Since I did get the remastered version, there were six bonus tracks included onto the original album. One of those extra songs came through his Aragon days and is quite different from the tone of "Good Times". This would be "Bloodbath Highway" created by Nishimatsu and lyricist LEO. In contrast to the horror-hinting title, this was an image song for the anime motion picture "Crusher Joe" from 1985, and it has a poppy New Wave vibe.


Another one of the bonus tracks and my last video for the article is "Saiteru Otoko no"(咲いてるオトコの...Man In Bloom)which was Nishimatsu's 4th single from 1983. Unlike the other tracks, Nishimatsu had nothing to do with its creation which was left to lyricist Fumiko Okada(岡田冨美子)and composer Kisaburo Suzuki(鈴木キサブロー). This is somewhat of a frenetic number done in a tango-esque style that was also used as the campaign song for a car commercial, apparently.

I would have loved to have covered some of the other tracks on "Good Times" since they were also created by folks such as Etsuko & Takao Kisugi(来生えつこ・来生たかお)and Yoko Aki(阿木燿子)and further reflect some of the genres that have been heard here. Plus, most of the tracks were arranged by Akira Inoue and Tsuyoshi Kon(井上鑑・今剛). However, they aren't currently on YouTube or on any other video platform so I hope that they appear someday. In the meantime, then, I can say that "Good Times" is an enjoyably variegated first album by Nishimatsu which is also a prelude to what I will look forward to in "Bouekifu Monogatari" (still haven't got it...yet).


2 comments:

  1. Hi J-Canuck, absolutely love "Good Times" from what I've heard of it and I can definitely hear some elements of "Bouekifuu Monogatari" throughout the tracks that do exist on YouTube. It's such a shame that that album's been taken down entirely with only "A Night of Blue Roses" remaining as its own video, but I'm sure it'll resurface someday once all the copyright issues get cleared up.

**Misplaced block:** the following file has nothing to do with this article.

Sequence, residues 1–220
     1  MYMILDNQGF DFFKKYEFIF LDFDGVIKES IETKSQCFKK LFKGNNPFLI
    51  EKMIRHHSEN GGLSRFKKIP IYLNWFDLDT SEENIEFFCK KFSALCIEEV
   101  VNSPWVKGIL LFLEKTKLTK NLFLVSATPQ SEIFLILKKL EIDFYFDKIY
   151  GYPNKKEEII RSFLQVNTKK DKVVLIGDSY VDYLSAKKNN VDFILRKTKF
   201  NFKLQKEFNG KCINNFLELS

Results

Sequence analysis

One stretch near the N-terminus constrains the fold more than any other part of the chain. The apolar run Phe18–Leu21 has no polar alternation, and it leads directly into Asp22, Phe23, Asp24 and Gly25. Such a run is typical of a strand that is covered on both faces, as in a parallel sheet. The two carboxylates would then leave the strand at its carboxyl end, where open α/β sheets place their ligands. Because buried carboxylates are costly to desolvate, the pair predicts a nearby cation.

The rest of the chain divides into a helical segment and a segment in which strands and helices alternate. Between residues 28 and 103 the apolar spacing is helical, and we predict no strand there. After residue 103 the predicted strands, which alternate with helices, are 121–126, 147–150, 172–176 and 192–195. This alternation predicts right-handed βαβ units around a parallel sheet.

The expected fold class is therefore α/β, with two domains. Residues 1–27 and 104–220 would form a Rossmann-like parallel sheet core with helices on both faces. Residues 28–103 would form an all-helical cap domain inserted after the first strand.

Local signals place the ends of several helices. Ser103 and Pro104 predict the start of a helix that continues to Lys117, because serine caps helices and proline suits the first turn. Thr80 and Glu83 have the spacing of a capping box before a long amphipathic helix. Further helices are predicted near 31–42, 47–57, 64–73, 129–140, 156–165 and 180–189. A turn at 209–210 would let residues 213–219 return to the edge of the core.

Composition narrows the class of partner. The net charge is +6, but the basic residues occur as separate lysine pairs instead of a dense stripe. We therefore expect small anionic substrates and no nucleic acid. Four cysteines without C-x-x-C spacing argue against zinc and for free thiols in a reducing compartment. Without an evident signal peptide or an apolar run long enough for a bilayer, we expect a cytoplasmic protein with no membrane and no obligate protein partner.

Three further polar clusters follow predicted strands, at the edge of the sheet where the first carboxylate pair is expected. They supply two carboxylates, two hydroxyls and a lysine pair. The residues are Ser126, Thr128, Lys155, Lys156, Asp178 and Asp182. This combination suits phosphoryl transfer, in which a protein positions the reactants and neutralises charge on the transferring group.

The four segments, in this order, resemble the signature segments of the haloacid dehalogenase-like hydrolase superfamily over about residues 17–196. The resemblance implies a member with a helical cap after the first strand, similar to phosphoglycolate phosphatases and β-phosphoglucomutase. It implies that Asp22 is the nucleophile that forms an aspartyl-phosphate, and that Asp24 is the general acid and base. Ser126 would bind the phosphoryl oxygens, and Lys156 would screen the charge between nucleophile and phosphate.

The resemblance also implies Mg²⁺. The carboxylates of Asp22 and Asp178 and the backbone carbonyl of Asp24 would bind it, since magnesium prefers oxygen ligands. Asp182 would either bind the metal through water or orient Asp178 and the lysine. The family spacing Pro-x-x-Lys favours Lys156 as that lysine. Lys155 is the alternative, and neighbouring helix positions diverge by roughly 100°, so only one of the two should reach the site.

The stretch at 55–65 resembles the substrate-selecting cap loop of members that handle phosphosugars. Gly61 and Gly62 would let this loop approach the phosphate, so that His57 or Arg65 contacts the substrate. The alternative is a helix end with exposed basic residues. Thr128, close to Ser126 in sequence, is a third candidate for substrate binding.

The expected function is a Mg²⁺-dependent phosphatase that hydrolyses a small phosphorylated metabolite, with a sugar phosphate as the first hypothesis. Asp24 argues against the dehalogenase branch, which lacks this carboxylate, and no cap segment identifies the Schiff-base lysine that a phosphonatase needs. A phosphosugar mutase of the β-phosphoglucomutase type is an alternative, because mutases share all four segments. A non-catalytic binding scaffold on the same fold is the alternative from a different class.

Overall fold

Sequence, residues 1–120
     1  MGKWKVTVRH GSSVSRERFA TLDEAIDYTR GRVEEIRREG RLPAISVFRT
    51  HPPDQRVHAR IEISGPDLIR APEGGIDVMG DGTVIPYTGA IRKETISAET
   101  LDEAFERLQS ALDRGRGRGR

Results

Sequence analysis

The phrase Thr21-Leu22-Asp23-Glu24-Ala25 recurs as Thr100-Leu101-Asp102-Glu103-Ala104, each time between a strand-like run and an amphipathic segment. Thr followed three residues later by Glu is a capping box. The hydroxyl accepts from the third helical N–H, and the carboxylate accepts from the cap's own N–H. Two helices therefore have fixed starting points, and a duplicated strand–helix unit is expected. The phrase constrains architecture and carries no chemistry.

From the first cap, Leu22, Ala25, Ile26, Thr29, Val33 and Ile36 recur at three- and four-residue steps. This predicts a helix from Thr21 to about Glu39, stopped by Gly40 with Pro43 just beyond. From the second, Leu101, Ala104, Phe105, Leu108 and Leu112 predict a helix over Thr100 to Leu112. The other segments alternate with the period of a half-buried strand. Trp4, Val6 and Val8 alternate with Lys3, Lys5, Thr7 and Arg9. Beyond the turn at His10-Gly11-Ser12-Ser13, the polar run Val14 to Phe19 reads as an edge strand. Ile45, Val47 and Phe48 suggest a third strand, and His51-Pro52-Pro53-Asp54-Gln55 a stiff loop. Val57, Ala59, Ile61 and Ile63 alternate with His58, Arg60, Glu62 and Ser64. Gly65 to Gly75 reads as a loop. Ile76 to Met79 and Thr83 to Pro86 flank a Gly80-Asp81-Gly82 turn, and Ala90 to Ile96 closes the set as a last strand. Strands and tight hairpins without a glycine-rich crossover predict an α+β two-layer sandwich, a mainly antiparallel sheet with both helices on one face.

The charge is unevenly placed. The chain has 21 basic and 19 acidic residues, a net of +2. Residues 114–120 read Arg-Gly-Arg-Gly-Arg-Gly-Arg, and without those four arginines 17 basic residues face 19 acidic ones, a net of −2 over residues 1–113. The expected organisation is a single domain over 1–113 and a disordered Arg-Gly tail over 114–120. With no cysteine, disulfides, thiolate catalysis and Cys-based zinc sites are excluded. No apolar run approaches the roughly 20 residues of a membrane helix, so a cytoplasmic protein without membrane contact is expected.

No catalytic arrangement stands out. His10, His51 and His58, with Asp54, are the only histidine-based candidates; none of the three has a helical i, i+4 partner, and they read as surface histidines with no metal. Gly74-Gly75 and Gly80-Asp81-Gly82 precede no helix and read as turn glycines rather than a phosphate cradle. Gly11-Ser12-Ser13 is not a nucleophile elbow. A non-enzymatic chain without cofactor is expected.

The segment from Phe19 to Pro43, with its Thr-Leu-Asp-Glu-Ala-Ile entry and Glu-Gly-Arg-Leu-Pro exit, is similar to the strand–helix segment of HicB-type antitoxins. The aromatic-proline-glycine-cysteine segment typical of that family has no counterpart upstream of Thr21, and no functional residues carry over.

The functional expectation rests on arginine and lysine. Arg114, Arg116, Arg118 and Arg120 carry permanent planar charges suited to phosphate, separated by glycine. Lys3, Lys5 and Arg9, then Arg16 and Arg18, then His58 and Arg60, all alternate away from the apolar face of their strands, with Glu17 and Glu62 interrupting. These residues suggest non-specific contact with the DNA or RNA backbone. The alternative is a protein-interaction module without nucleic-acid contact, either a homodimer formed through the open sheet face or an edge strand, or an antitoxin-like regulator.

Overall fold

With that being said, however, I do hope to see some more Nishimatsu stuff on YT in the future—I wonder if he's ever made any live appearances on any of the major Japanese music shows back then (Yoru no Hit Studio is the only example that springs to mind at the moment). While "Good Times" was apparently effectively overshadowed by Akira Terao's wildly-popular "Reflections" album from what I've gathered I've definitely seen more obscure singers appear on Japanese television during the decade.

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    Replies
    1. Hi, Matt.

      Glad that you could concur about "Good Times", and it's always a battle between YouTube uploaders and the powers-that-be about those videos. I'm also fairly confident that some part of "Bouekifu Monogatari" will return online.

      I guess with all of these albums including those belonging to Nishimatsu getting their light of day again after so many decades, there is perhaps a feeling of redemption. My impression is that there are some Japanese who are still scratching their over heads (including some in the recording industry) as to why the more obscure Japanese albums are suddenly getting appraised and praise, but that's fine. I think there are also other Japanese folks who are also seeing the light, too.